Many small business owners choose to operate as corporations in order to limit the owners' liability. As a small business owner, you might choose a C Corporation status, which has more complex tax rules, or an S Corporation, in which taxes are passed directly to the shareholders. Whichever corporate status you choose, you will need to decide who can legally speak for your corporation. Sometimes the person who can speak on behalf of a corporation is stipulated by contract and sometimes by situation.

Agency Relationship

In order to legally speak on behalf of your small business, the person must be your corporation's agent. An agent owes the corporation certain duties, including loyalty to act in the corporation's best interests, obedience to the corporation's requests and reasonable care to act rationally. Keep these duties in mind when choosing your corporation's agents, and make sure the people you choose are up to the task. Your corporation should reimburse any expenses an agent incurs while representing your small business, and it should hold the agent harmless for anything he does while acting on your business's behalf.

Actual Authority

In agency law, actual authority means that your small business specifically granted your agent his representative authority. This can be done through requests that imply that authority or by signing a contract. A simple example is when you, as the owner of a small business, ask an employee to call a retailer and order paper. In this case, you've given your employee actual authority to act on your business's behalf. If you want your agent to be able to sign contracts in your business's name, then you will need to give him these rights in the corporation's bylaws. In any corporation, officers and directors usually have automatic authority to speak on behalf of the corporation. Shareholders, however, do not.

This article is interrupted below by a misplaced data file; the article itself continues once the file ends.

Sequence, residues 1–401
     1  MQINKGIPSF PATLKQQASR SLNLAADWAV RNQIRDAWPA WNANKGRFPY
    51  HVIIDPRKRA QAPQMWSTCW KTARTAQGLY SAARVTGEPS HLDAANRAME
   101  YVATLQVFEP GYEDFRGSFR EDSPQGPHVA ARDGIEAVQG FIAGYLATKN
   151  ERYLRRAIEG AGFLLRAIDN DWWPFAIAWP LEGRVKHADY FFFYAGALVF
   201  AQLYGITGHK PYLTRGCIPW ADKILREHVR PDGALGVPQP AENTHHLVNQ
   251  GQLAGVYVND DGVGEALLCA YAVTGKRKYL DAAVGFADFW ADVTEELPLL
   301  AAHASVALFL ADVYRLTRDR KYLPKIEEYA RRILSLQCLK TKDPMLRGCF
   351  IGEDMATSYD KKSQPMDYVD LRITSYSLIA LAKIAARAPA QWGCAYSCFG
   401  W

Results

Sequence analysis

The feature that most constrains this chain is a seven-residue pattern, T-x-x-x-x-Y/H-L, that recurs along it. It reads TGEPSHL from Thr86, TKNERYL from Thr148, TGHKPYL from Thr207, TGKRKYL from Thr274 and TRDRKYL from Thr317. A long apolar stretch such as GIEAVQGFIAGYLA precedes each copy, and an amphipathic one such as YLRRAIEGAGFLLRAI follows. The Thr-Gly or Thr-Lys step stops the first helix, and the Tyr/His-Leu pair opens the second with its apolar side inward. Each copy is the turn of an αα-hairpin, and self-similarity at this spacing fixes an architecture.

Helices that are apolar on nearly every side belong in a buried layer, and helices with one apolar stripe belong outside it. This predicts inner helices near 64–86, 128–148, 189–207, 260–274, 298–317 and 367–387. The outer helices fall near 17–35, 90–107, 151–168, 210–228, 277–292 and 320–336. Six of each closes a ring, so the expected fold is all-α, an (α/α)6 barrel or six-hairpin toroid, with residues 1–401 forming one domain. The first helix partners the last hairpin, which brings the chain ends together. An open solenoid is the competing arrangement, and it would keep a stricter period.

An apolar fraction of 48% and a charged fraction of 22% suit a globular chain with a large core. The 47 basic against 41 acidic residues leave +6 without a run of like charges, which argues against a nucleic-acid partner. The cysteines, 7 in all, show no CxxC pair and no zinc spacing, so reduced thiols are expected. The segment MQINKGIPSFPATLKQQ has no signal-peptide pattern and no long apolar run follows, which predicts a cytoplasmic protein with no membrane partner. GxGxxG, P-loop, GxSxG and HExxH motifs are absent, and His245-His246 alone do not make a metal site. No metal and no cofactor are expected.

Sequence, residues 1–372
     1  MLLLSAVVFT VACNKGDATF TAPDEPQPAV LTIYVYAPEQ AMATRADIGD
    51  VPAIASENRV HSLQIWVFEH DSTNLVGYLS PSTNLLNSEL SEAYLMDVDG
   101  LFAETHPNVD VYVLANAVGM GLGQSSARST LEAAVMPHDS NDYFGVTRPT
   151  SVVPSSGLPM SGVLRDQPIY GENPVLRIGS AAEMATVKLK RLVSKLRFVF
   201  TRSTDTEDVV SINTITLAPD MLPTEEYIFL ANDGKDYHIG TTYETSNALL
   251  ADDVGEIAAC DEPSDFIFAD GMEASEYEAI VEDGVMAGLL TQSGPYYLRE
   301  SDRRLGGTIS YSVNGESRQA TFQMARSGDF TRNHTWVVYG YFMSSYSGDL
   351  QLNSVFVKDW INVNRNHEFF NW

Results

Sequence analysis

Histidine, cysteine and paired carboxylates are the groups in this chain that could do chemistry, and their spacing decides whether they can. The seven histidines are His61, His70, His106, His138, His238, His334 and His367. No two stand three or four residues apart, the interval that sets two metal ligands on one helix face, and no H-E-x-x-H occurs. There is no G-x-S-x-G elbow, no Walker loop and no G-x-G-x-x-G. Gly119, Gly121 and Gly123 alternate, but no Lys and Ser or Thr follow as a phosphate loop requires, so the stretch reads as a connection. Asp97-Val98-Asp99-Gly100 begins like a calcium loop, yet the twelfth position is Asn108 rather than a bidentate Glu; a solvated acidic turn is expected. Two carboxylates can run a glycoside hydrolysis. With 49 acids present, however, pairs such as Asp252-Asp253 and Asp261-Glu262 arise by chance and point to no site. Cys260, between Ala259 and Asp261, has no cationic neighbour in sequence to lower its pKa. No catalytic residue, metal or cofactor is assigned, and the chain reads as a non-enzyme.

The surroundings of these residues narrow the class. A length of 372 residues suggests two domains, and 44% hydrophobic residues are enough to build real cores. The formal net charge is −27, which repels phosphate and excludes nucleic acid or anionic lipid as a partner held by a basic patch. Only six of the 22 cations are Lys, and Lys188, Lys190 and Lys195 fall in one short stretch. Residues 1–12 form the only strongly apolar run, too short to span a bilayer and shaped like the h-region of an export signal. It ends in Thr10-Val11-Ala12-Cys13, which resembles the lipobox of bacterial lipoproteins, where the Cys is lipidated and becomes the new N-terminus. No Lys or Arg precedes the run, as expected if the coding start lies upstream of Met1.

Apparent Authority

Small businesses should be aware of the concept of apparent authority and how it can make them liable in some situations. In simple terms, apparent authority occurs when someone you did not authorize to speak for your business still does, and a third party takes an action based on what that person said. If a third party reasonably believed that person had authority, then the law of apparent authority protects the third party. Consider the scenario where, for some reason, you specifically did not give your vice president authority to speak for your small business. Yet, he still promises a job to a third party. If the third party moves to your city for this job, his belief that your VP had the right to offer him a position is reasonable. In this case, although you didn't authorize the VP to speak, you may still need to compensate the third party for expenses he incurred by believing the VP. The concept can be complicated, so you should speak with an attorney if your business encounters this issue.

Public Relations

Some small business owners choose to hire public relations managers so they can have someone who specifically oversees attracting more customers with public events, press releases and ad campaigns. Your PR manager can speak on your business's behalf, but he cannot legally bind your business by signing contracts. For example, if a reporter from your local newspaper calls with a question about a new product you're selling, then your PR manager has the right to answer the reporter's questions and be quoted in the newspaper article as a representative of your corporation.